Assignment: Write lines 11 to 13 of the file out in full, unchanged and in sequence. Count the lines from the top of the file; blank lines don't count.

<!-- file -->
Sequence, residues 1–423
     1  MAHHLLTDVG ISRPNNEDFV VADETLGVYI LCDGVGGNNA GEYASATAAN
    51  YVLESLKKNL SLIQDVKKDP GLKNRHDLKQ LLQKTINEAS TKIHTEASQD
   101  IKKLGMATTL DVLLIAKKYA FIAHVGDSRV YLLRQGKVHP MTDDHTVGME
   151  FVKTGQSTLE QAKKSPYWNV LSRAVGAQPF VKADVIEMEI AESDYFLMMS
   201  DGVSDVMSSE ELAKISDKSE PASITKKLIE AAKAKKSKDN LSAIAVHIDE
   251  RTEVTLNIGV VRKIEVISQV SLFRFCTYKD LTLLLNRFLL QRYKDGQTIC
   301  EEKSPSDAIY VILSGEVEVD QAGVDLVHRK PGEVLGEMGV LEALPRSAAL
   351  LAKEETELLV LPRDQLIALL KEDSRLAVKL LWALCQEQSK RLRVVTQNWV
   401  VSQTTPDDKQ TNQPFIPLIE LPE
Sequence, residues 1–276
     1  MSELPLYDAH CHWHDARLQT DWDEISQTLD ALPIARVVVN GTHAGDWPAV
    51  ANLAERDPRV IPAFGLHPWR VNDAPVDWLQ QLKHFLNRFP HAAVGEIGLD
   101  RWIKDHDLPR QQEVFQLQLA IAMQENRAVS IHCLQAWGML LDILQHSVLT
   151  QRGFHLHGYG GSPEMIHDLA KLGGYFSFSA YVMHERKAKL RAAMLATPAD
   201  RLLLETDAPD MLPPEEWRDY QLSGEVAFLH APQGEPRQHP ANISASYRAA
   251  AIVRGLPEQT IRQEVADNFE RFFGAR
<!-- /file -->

Sequence, residues 1–276
     1  MSELPLYDAH CHWHDARLQT DWDEISQTLD ALPIARVVVN GTHAGDWPAV
    51  ANLAERDPRV IPAFGLHPWR VNDAPVDWLQ QLKHFLNRFP HAAVGEIGLD